On a day like today (13th May), many… many years ago, a young couple; Kamau and Wanjiru brought to the world a beautiful bouncing baby girl. Their only daughter after a series of 26 (read 2) boys. The little girl was their epitome of joy. They named her Naomi which according to the Holy Bible means; My Joy; Beautiful; Agreeable.
As she grew up and learned how to stagger around (kids don’t walk. They stagger) and utter words, Kamau nicknamed her ‘kairitu kaseo gatumbi’ or ‘Girl Good small egg’ in English. Do not ask me what sort of a nickname that is. Wherever she went with her mum and people asked for her name, she would always answer them boldly in her sweet soprano voice, “Njitagwo Naomi (Insert any kikuyu name) Kairitu Kaseo Gatumbi” (My name is Naomi (Insert a Kikuyu Name) Girl Good Small Egg). She was her father’s daughter.
Fast forward 110 years later, today; the girl is Naomi John. The world calls her Naomi. Friends call her Nash. Close friends call her Kaseo. Yeah. She ditched ‘kairitu’ and ‘gatumbi’ (wharathose) but retained ‘Kaseo’. It’s Kamba for Kazuri. The good one. Because she’s that good. And so ladies and gentlemen, allow me to introduce myself; I am Naomi John Nash Kaseo. And today is my birthday. I am celebrating.
It’s 8.36 pm. I’m all alone in my tiny house. Maybe a few cockroaches and one or two crickets waiting for me to turn off the lights so that they can
soothe me to sleep with their sweet melody. No
cake. No candles. No friends. No enemies. No family. Just me. Weird way of
celebrating my birthday? Not at all. I love it this way. It’s a good time to
take a trip down the memory lane. To celebrate the good, the bad and the
painful that this life has handed me. Today is my birthday. I am celebrating.
I will share with you 5 incidents in my life that have contributed to the person I am today.
When I was in class five, one of my teachers pointed out something to me. I was unique. Not like anyone else in my class. I had a tiny, sharp, annoying and deafening soprano voice. She hated it. She loathed it. She despised me for it. She couldn’t stand me reading out anything in class. And so whenever I innocently raised my hand to answer questions in class, she would shout at me (in Kikuyu), “Naomi, when you grow up and stop speaking like a small baby, only then will you be eligible to speak in my class.” She was right. All my other classmates (female) had ‘normal’ voices. None spoke like me. This made me develop a habit of speaking to myself; to train myself on how to speak like a ‘normal’ human being. I would hold conversations, not on my head but real conversations. Like a crazy person. I would create five characters, all speaking in different accents and voices, so as to try and figure out which spoke the best and adopt the voice. It never worked though. I still have my soprano voice. But it contributed to something; MY SCRIPTWRITING SKILLS. I still talk to myself today. It helps me when writing down dialogue. I can hold a 90 minutes conversation with me multitasking as 5 characters. Lost? Today is my birthday. I am celebrating.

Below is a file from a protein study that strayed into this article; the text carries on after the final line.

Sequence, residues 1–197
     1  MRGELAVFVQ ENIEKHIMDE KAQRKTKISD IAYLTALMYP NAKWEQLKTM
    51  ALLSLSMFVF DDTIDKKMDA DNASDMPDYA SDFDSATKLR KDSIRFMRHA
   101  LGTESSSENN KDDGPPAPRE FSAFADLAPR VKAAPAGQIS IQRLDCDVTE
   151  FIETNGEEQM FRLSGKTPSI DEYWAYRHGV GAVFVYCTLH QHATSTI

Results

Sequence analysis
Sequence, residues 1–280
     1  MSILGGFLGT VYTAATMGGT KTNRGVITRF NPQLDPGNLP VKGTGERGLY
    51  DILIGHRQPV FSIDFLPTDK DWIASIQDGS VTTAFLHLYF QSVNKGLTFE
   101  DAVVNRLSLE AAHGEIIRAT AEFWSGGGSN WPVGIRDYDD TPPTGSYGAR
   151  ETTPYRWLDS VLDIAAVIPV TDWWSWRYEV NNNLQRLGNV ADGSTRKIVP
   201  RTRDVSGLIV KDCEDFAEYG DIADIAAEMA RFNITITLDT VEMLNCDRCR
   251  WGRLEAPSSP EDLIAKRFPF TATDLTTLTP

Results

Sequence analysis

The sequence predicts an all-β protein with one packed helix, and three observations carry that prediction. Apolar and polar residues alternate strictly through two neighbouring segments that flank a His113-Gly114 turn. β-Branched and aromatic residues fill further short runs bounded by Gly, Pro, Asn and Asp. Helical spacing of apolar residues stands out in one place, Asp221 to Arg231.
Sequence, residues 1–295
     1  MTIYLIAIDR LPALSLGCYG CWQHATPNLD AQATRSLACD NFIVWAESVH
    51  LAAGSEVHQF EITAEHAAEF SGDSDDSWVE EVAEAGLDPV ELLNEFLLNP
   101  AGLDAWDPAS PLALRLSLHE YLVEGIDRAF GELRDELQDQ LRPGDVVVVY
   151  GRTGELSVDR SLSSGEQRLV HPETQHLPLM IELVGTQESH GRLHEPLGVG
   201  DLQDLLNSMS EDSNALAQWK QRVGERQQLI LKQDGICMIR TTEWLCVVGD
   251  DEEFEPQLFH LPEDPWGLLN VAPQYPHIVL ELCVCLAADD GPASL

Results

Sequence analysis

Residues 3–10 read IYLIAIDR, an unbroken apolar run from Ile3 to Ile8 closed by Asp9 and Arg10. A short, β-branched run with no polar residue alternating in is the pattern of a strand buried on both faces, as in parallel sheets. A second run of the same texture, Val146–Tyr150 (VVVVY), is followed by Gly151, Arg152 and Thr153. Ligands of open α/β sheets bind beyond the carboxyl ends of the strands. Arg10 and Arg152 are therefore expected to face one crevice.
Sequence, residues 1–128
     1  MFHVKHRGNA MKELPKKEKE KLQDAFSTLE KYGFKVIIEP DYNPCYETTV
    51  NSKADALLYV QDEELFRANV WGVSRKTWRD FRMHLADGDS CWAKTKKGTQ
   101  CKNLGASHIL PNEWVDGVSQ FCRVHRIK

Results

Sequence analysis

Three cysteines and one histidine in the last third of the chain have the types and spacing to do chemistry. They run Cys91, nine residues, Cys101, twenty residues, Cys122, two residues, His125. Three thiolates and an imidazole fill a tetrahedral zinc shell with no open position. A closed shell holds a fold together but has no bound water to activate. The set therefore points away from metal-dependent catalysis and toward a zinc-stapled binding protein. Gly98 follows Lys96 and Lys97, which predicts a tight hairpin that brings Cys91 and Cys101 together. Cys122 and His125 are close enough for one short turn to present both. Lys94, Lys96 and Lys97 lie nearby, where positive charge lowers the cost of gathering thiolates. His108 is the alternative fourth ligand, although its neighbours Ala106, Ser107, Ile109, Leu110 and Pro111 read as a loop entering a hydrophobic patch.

In high school, I was diagnosed with Asthma. I went to this provincial school in Nyeri that nobody knows about. And yes, I’M NOT A NYERI WOMAN! It was located in one of the cold regions of central province known as Gataragwa. This made my struggle with Asthma so hard because most of the time it was cold and misty. But I was not so troubled with the asthma because I was always covered in a heavy jacket, leg warmers and a scarf. But there was this one teacher who made me feel terrible about my condition. I hated him. Any time I coughed in class, the sound made by my chest would shake the entire school. This teacher always told me harshly to stop distracting his class. This really lowered my spirit and prompted me to start praying. I asked God to take away the disease and miraculously I got healed after completing my high school. This helped build my TRUST IN GOD and today I’m a firm believer that He gives us what we ask for. Do I still hate the teacher? Today is my birthday. I am celebrating.